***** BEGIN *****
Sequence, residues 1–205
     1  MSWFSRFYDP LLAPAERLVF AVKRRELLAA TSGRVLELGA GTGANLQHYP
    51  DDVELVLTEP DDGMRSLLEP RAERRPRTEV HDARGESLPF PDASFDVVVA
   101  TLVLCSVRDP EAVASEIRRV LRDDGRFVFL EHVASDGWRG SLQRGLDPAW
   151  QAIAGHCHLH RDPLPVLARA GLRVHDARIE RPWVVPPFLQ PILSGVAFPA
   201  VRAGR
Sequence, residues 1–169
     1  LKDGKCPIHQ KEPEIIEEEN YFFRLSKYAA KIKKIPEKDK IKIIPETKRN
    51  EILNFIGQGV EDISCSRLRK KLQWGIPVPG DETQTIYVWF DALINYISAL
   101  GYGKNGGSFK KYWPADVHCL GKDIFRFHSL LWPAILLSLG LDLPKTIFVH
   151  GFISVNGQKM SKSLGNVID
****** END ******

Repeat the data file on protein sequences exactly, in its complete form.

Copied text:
Sequence, residues 1–205
     1  MSWFSRFYDP LLAPAERLVF AVKRRELLAA TSGRVLELGA GTGANLQHYP
    51  DDVELVLTEP DDGMRSLLEP RAERRPRTEV HDARGESLPF PDASFDVVVA
   101  TLVLCSVRDP EAVASEIRRV LRDDGRFVFL EHVASDGWRG SLQRGLDPAW
   151  QAIAGHCHLH RDPLPVLARA GLRVHDARIE RPWVVPPFLQ PILSGVAFPA
   201  VRAGR
Sequence, residues 1–169
     1  LKDGKCPIHQ KEPEIIEEEN YFFRLSKYAA KIKKIPEKDK IKIIPETKRN
    51  EILNFIGQGV EDISCSRLRK KLQWGIPVPG DETQTIYVWF DALINYISAL
   101  GYGKNGGSFK KYWPADVHCL GKDIFRFHSL LWPAILLSLG LDLPKTIFVH
   151  GFISVNGQKM SKSLGNVID